Influenza Vaccine (Nursing)

by Rhonda Lawes, PhD, RN

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    00:00 Hi! Welcome to our video series.

    00:02 In this one we're going to introduce you to some things hopefully you're brand new to you about the influenza vaccine and where it comes from.

    00:10 Now influenza is a viral infection that attacks your respiratory system.

    00:14 So it's your nose throat and lungs.

    00:16 We usually call it the flu but it's not the same as a stomach flu.

    00:21 That's a virus that can cause diarrhea or vomiting sometimes influenza has those side effects.

    00:26 Also, however, when we speak of influenza we really mean the viral infection that primarily attacks your respiratory system.

    00:35 So, you should see my face when I'm around somebody who sneezes and doesn't cover their mouths, but there's a pretty graphic illustration of how far germs can spread.

    00:47 So without further Ado.

    00:49 How is influenza spread? Well, it's droplets in the air If you couldn't tell from our picture Ddroplets in the air from an infected person are inhaled by another person.

    01:01 Just thinking about that grosses me out because you know, it happens all the time.

    01:06 But if you do it from an infected person into another person or picked up from an object like a keyboard an ATM machine a grocery cart handle or a pen.

    01:17 All those can transmit influenza.

    01:20 So it transfers them to their eyes nose or mouth.

    01:23 So during flu season a really good thing to do keep your hands clean, especially after using something in a public.

    01:30 Public area like an ATM machine, a handle of a gas any that things to wash your hands after that or at least use disinfectant after that, but if you touch your eyes, nose or mouth before keeping your hands clean, that's when you're really at risk for picking up influenza from an inanimate object.

    01:51 So you either droplets you inhale it or you pick it up from an inanimate object that's by used with someone who is infected with the influenza.

    02:00 Okay, fact or fiction.

    02:03 So you got a 50/50 chance here how this is going to work.

    02:06 You can get the flu from the flu shot.

    02:09 Now, this is what I hear from my friends all the time.

    02:13 I'm not getting the flu shot because last time I got it I got the flu.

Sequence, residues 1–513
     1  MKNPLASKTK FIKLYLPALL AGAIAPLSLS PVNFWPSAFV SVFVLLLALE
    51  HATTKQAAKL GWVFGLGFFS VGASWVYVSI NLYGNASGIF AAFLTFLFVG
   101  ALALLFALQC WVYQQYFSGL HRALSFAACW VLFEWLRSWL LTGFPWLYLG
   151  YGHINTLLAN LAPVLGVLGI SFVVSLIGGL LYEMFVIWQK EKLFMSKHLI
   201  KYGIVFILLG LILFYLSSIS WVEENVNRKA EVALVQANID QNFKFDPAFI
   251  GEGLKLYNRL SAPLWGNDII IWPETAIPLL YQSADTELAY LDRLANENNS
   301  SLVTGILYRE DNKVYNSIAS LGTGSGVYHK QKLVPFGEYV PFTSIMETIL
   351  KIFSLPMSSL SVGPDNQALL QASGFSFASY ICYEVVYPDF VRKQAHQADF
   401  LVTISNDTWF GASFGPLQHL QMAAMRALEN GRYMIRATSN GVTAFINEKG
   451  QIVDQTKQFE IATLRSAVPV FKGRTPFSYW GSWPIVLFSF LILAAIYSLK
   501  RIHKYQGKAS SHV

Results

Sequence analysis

02:17 So do they know what they're talking about or not fact or fiction? Yeah fiction.

    02:26 This isn't true.

    02:27 Now they might have already had some type of infection coming on.

    02:30 But you don't get the flu from the flu shot.

    02:35 Now is the flu shot a hundred percent effective.

    02:38 That's another complaint of here for my friends while I got the flu shot and I think I got the flu later.

    02:43 Anyway, well, it isn't a hundred percent effective because the flu virus is constantly changing into new strains and we'll explain more how a flu vaccine is developed and you'll understand why it's not a hundred percent effective.

    02:59 So it takes about 10 to 14 days for antibodies to be created that can fight off influenza.

    03:06 So not only can It change but for up to two weeks after I received the vaccine, I'm not covered right? I'm not protected.

    03:15 Even from what that vaccine was set up to protect me from.

    03:18 So there's a time period two weeks up to two weeks after I received the vaccine to where we will to fight off the influenza virus based on that vaccine.

    03:29 So, is it a hundred percent effective No for two reasons.

    03:33 1. The virus is constantly changing and 2. you've got a two-week window before you're actually going to be protective.

    03:42 So those are a couple of reasons why I can struggle with that at times.

    03:46 Now how do we decide what's going to be in the vaccine? Do you know there's more than a hundred national influenza centers in over a hundred countries and they collect data on influenza year round.

    03:59 Okay, let that sink in.

    04:00 A hundred national influenza centers in a over a hundred countries.